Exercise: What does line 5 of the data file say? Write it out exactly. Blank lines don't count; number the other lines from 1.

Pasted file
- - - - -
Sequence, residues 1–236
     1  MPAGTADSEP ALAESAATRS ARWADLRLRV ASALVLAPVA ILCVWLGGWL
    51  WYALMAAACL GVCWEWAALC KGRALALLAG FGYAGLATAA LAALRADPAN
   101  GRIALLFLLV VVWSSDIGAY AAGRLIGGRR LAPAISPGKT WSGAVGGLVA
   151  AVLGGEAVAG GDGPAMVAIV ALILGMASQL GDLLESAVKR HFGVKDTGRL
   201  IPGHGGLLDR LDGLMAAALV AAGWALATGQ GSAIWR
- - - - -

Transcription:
   151  AVLGGEAVAG GDGPAMVAIV ALILGMASQL GDLLESAVKR HFGVKDTGRL